Updated: Oct 20
As we celebrate pride this month, we still need to remember that some who identify as LGBTQ+ are still experiencing many forms of discrimination and harassment in the workplace. Organizations need to continue to look at ways to protect their LGBTQ+ employees.
Discrimination and harassment of LGBTQ+ employees do not only happen in Asia. Even in countries where LGBTQ+ rights are evident, employees still believe that staying in the closet, perhaps, remains the best thing to do.
Researchers have reported that LGBT employees are likelier to be workplace bullying victims than those who identify as straight (Fevre, Nichols, Prior et al, 2009).
A national study conducted in the UK by Hoel, Lewis and Einarsdóttir (2014) reported that LGB employees experienced high incidences of bullying and discrimination in the workplace. Drawing from a representative survey of over 1,200 face-to-face interviews, backed by over 50 interviews with LGB employees in six organizational case studies and 75 heterosexual respondents discussing LGB vignettes in 15 focus groups, the researchers found :
LGBs were more than twice as likely to be bullied and discriminated against than heterosexual employees.
One five (19.2%) bisexuals report the highest levels of bullying with a third reporting regular bullying.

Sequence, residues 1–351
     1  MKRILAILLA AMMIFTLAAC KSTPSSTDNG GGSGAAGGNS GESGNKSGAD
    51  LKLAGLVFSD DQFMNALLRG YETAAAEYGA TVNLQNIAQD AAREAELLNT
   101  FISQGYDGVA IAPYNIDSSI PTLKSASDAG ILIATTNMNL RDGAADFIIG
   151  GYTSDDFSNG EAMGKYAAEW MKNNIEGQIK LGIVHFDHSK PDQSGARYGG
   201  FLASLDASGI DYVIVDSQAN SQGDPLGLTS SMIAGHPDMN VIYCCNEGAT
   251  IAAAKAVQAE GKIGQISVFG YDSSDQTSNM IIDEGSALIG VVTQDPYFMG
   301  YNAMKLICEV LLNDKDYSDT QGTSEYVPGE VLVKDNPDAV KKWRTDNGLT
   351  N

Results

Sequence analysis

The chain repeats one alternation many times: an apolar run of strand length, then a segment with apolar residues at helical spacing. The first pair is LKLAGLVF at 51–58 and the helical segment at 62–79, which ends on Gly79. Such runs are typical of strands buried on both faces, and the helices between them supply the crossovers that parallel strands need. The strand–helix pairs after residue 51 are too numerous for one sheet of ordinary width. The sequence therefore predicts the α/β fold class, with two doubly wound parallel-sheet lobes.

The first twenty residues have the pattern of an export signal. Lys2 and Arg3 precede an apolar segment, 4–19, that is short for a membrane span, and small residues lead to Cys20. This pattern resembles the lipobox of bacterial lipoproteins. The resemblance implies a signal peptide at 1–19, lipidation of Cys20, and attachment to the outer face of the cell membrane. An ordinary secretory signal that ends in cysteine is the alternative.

One in six (16.9%) lesbians report bullying at work with approximately a third reporting regular bullying.
Gay men report more than double the levels of bullying compared to heterosexuals.
LGBs are one and half times more likely to experience a range of negative acts compared to heterosexuals, which were highest for lesbians and bisexuals. In some cases, LGBs were nearly three times more likely to encounter certain negative acts than heterosexuals. These include:
1) “People avoiding physical contact with you at work.”
2) “Experience unwanted physical contact, e.g. touching, grabbing, groping.”
3) “Being confronted with unwanted jokes or remarks with a sexual undertone.”
The study also found that LGBs reported significantly higher levels of poor health, which was highest for lesbians and bisexuals.
What, then, can organizations continue to do? For starters, organizations need to be vocal about bullying in the workplace. A clear policy document about what behaviours constitute workplace bullying. Have a clear procedure for a formal complaint and investigation process. Educate and create awareness in the workplace to reduce workplace bullying. Encourage reporting of workplace bullying. Review organizational processes and structures (such as job stress, pay disparity, and unclear job roles) that can directly or indirectly perpetuate bullying.
It is not possible to expect organizations to eradicate workplace bullying. Therefore, it is important for organizations to constantly review their policy to ensure that the workplace will continue to be a safer and better place for their LBTQ+ employees.
 Fevre R, Nichols T, Prior G, et al. (2009) Fair treatment at work report: Findings from the 2008 survey. Employment Relations Research Series No. 103. London: Department for Business, Innovation and Skills.
 Hoel, H., Lewis, D., and Einarsdóttir, A. (2014). The ups and downs of LGBs’ workplace experiences. Discrimination, bullying and harassment of lesbian, gay and bisexual employees in Britain.